Debian Weekly News - September 17th, 2002

Welcome to this year's 36th issue of DWN, the weekly newsletter for the Debian community. We are happy to include two items from Richard Wale this time. It was recently reported (German only) that the German Federal Cartel Office will use a modified Debian system on their desktop computers (German only) system and servers.

Debian supporting Sincere Choice? Gustavo Noronha Silva asked whether the Debian project is going to support Sincere Choice, which was recently founded by former Debian project leader Bruce Perens. Sincere Choice is a political platform for projects and individuals who believe that there should be a fair, competitive market for computer software, both proprietary and Open Source. It was founded in response to a clever fraud.

XFree86 4.2.x. Branden and his X Strike Force colleagues continue to work towards a 4.2.x release for Debian, with new "experimental" pre-release packages. He also responded to the recently announced Xlib security hole; Debian is not affected as "XFree86 4.2.0 hasn't been released to it yet." Since then he has released packages for XFree86 4.2.1-0pre1v1, which contains the fix.

Debian on RS/6000. After the recent pSeries-related activity on the PowerPC mailing list proposing a kernel repository for "working" kernels for RS/6000 machines, discussion jumped from debian-powerpc to debian-boot suggesting that CHRP/PReP kernels be revised to work towards a set of working install floppies. While no timescales are mentioned, the consensus seems to be the current CHRP/PReP kernels are broken (where RS6K's are concerned) and need investigation and reworking. Hopefully over time, Debian will become more viable on the pSeries platform.

Status of Perl 5.8.0 Update. Brendan O'Dea reported that the transition to Perl 5.8.0 in the unstable distribution (sid) is almost complete. Three architectures haven't rebuilt the packages, but for those that were released with woody, this should probably be fixed by the most recent source package. Brendan lists five remaining packages that still suffer from dependency problems. In general the transition went as smoothly as possible.

How can I help? Several people have shown that they don't know how to help to improve Debian. Not all people raise their voice when they are swamped and need help. To help, we provide some links to common resources. To improve the quality of Debian, see this small HOWTO document. If would like to spend time on packaging, the wnpp list (Work-Needing and Prospective Packages) refers to packages that require work. As a general task, the debian-installer requires assistance with non-i386 architectures. For those who would like to work on the web services, this list contains tasks for the website. Finally, here's a list of overall tasks that require help.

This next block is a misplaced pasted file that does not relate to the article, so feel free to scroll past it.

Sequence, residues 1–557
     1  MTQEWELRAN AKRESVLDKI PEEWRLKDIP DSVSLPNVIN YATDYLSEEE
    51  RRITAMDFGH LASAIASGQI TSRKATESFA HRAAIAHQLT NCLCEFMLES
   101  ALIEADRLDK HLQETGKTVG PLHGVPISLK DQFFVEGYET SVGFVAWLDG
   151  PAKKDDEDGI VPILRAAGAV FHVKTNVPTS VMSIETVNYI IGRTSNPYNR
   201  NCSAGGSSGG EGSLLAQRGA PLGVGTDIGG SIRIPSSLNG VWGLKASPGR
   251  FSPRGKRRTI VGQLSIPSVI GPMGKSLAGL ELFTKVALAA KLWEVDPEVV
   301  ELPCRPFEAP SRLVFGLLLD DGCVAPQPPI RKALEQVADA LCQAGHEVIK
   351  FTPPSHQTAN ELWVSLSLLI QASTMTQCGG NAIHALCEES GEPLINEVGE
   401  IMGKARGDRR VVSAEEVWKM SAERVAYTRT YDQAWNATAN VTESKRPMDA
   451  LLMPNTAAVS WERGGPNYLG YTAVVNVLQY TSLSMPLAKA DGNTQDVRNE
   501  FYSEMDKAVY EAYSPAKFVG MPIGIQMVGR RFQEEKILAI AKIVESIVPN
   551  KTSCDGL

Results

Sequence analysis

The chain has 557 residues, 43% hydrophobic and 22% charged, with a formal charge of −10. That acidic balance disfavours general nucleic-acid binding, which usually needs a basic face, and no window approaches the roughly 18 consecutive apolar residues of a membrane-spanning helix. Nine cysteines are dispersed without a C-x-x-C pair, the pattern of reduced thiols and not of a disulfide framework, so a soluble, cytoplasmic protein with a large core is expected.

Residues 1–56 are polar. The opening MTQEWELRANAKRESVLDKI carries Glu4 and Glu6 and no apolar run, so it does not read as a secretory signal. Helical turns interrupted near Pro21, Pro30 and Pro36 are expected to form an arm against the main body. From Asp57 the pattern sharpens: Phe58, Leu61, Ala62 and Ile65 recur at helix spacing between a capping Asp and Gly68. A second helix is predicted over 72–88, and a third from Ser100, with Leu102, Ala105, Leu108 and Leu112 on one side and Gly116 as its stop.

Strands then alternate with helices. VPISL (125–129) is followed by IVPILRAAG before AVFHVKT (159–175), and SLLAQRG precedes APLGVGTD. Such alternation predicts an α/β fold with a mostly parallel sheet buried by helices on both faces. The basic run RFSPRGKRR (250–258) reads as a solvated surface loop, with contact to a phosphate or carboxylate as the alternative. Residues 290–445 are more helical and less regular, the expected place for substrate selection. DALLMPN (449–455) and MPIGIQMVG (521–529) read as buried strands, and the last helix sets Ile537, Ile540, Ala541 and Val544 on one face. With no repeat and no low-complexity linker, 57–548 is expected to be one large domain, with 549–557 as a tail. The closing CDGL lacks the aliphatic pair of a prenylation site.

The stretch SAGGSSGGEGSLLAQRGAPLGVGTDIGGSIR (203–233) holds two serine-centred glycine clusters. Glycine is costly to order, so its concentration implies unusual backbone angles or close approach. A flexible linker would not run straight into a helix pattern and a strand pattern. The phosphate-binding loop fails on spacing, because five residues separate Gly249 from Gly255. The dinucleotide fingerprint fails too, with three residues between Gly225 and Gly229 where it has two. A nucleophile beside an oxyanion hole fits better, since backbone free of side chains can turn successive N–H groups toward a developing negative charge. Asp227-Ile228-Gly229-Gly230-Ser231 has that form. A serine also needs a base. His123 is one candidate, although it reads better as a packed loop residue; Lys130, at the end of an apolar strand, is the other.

GNOME Transition Stagnated. A while ago we reported about ongoing discussions that deal with the process of adding GNOME 2 to the Debian archive. Finally, a discussion was held on IRC involving the technical committee (ctte) and the GNOME release manager. It seems that people agree to keep GNOME 1 libraries as long as possible and that GNOME 2 should replace GNOME 1 at some stage in the future. However, it doesn't seem to be decided yet where to develop GNOME 2 packages. Raphaël would rather like to see a decision by the Technical Committee rather than implementing a staging area.

Discussing the Task System. Eduard Bloch started a discussion about the task system and proposed to add more tasks for the user. This includes a division between GNOME, KDE and plain X11 and basic internet clients for X11 or the text console. It turned out that the scope of the task system isn't clearly defined. Some people believe that it should help new users install software without knowing details, while others believe that tasks exist to install large chunks of software in one batch.

Debian Jobs Database. Andreas Müller reported that he finished implementing a job database for Debian and asked for a public beta test. This is a job database for Debian related jobs, based on a Debian-LAMP system. The database aims at both companies that seek new employees as well as people seeking a new employer.

Blender is Free Software. After the company behind Blender, a very fast and versatile 3D modeller and renderer, went bankrupt, the Blender Foundation was created. The purpose was to secure and maintain the Blender source. 100,000 Euro were required to purchase the source from the company, and this was donated by many volunteers from around the world. To celebrate this, a conference will be held in October, closing with a party at which Blender 2.26 will be released as free software.

Security Updates. You know the drill. Please make sure that you update your systems if you have any of these packages installed.

New or Noteworthy Packages. The following packages were added to the Debian archive recently or contain important updates.

Orphaned Packages. 2 packages were orphaned this week and require a new maintainer. This makes a total of 111 orphaned packages. Many thanks to the previous maintainers who contributed to the Free Software community. Please see the WNPP pages for the full list, and please add a note to the bug report and retitle it to ITA: if you plan to take over a package.

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This issue of Debian Weekly News was edited by Martin 'Joey' Schulze.